Every Londoner that's interested in the city's past has their favourite period. Mine was always the vast teeming Victorian metropolis, of extreme wealth and poverty, of outward confidence and internal strife. I say 'was' because I think I'm going to have to change my mind.
I'm currently researching the post-war London of the early 1950s. An austere, pre rock and roll time of rationing, rapid change and pea-souper fogs. Thanks to a recommendation from a fellow Londonophile on Twitter, I have a copy of HV Morton's In Search of London. In this exquisitely written book, published in 1951, Morton weaves stories of London's past - tracing it back to the Roman invasion - with tales of the city of the time of writing. He is deeply saddened by the bomb-scarred state of the London landscape. I have to admit, while I knew the damage caused in the Blitz was massive, I'd never really given much thought to which areas were worst affected, and for how long afterwards so much of the city lay in ruins. Morton sketches almost nightmarish scenes of whole streets still razed to the ground, the vanished houses' open cellars the only remnants, and the strange flora and fauna that had taken roots among the bricks and shattered hulks of houses and offices and great buildings.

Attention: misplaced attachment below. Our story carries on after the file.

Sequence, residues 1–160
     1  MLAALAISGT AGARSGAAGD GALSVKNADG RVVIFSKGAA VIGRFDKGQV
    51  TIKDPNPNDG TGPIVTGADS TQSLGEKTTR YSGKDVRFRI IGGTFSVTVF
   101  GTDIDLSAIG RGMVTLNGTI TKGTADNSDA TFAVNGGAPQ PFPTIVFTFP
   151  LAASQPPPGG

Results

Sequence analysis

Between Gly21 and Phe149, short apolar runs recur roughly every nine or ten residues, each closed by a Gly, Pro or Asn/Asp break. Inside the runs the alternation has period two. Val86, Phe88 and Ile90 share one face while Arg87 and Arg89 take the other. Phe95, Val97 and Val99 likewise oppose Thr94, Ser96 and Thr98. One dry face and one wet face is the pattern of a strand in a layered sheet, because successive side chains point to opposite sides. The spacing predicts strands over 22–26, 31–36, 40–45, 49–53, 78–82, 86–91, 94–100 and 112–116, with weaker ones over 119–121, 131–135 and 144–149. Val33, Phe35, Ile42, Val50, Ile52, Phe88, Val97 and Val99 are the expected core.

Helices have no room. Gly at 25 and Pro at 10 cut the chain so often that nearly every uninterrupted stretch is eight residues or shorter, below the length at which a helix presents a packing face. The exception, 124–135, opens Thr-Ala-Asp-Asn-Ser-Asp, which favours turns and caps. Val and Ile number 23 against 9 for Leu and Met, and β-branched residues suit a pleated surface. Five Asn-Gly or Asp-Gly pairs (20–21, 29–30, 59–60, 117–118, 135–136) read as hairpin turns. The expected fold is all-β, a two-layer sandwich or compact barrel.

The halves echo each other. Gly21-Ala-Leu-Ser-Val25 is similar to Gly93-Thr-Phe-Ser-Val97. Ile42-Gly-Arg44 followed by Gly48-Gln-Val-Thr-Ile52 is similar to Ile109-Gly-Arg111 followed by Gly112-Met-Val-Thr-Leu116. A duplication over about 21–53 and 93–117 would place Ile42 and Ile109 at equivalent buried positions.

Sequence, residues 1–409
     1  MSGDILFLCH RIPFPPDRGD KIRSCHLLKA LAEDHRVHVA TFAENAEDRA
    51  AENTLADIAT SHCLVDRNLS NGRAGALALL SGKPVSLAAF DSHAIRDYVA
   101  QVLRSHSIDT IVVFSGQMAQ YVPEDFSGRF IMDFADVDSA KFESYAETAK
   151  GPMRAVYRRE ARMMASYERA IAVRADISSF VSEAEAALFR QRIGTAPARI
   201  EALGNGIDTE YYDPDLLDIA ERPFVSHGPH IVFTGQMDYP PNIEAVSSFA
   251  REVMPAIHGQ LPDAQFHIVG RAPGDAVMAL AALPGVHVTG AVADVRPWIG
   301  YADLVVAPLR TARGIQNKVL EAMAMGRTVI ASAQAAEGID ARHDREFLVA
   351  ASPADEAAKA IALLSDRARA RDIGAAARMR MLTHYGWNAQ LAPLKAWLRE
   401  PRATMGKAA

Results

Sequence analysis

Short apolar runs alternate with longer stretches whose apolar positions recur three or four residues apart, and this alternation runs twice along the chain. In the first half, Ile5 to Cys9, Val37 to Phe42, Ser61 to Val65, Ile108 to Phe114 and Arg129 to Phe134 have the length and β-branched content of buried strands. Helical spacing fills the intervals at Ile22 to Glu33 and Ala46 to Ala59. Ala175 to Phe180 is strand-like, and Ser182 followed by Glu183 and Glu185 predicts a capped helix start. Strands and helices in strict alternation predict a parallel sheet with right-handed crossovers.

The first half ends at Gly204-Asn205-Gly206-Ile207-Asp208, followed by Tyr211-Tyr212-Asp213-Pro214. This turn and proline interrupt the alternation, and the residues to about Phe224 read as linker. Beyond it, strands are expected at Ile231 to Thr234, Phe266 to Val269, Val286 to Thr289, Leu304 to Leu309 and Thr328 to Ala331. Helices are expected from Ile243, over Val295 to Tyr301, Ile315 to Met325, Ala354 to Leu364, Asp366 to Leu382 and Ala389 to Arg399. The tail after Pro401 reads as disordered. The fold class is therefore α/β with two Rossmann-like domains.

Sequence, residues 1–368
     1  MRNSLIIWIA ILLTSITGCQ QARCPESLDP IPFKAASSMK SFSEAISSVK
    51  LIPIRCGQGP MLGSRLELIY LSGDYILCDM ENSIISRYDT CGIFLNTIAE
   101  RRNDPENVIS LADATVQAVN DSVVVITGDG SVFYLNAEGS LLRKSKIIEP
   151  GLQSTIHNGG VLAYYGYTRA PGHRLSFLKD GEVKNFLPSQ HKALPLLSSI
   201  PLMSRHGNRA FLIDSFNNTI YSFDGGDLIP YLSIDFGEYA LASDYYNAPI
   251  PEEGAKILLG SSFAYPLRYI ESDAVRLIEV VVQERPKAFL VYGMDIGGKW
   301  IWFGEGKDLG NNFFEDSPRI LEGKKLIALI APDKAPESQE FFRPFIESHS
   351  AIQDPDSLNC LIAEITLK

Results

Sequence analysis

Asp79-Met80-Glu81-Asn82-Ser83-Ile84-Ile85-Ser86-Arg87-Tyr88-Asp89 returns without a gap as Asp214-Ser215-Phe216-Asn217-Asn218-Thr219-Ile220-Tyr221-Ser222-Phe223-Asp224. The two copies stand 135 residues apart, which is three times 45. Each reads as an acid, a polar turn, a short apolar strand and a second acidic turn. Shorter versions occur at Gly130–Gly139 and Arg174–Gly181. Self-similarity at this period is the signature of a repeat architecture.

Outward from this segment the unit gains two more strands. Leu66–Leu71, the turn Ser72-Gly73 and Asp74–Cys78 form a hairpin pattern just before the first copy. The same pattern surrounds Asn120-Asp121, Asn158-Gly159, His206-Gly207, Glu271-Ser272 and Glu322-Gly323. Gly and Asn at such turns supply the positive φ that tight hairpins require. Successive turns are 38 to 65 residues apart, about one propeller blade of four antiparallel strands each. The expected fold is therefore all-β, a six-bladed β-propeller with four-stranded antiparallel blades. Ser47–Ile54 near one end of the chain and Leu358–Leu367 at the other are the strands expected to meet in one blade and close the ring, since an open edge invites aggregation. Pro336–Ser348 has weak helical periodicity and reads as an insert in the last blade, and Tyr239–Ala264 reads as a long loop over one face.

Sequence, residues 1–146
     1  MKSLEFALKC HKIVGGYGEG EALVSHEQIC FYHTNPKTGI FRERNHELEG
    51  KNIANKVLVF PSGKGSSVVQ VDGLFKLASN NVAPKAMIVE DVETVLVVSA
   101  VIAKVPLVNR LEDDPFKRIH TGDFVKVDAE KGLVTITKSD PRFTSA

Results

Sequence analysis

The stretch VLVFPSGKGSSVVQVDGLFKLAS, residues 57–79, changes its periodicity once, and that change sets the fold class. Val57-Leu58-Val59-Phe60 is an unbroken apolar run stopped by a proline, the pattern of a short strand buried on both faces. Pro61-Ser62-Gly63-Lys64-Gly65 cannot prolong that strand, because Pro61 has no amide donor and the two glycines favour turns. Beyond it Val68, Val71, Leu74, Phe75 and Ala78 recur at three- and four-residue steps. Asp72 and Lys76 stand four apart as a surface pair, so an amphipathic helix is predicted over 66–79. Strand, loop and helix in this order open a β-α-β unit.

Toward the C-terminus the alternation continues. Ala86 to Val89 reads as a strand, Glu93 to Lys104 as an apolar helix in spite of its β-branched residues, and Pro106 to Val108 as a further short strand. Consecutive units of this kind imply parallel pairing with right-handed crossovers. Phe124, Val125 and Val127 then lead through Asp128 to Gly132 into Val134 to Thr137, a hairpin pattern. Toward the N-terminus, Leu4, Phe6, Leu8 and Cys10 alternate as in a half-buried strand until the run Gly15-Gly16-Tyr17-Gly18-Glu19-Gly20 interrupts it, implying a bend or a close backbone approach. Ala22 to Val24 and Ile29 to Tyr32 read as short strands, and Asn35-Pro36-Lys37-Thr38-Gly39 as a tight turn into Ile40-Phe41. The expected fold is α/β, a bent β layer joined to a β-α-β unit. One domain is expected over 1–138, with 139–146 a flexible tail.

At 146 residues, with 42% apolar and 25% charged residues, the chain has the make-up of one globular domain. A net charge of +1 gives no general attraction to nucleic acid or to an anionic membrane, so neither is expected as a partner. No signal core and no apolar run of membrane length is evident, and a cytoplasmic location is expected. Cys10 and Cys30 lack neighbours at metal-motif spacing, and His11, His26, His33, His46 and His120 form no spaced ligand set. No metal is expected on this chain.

It set me thinking about how much of London was lost to the Luftwaffe, and how much unique life disappeared. Of course much of London's past has been lost to the gradual passing of time, but for so much to be destroyed so violently is, as Morton so poignantly conveys, heartbreaking. Of course, over time, a newer, flashier, more modern London rose from the ruins, the basis of the city I live in today. But as I have tried to convey in some posts here, there are still those wonderful nooks, crannies, alleys and secrets to be found.
The You Tube video posted above, narrated in eery yet highly watchable fashion by the late great James Mason, is devoted to such curios. It's called The London Nobody Knows, and was based on a book written in 1962 by Geoffrey Fletcher. Fletcher wasn't interested in the big landmarks, the tourist traps, or the crowded areas; he was interested in the 'tawdy, extravagant and eccentric.' A deserted Victorian music hall in Camden (where the documentary begins), a strange public toilet where goldfish swim in the cisterns, ornate streetlamps, and all manner of placers where outsiders rarely venture. The book, recently reissued another Londonophile on Twitter told, is a beguiling read, and the film a classic, which I return to again and again. It was filmed little under half a century ago, but some of the artefacts and facts Mason and Fletcher speak about seem to have survived from a different world and time.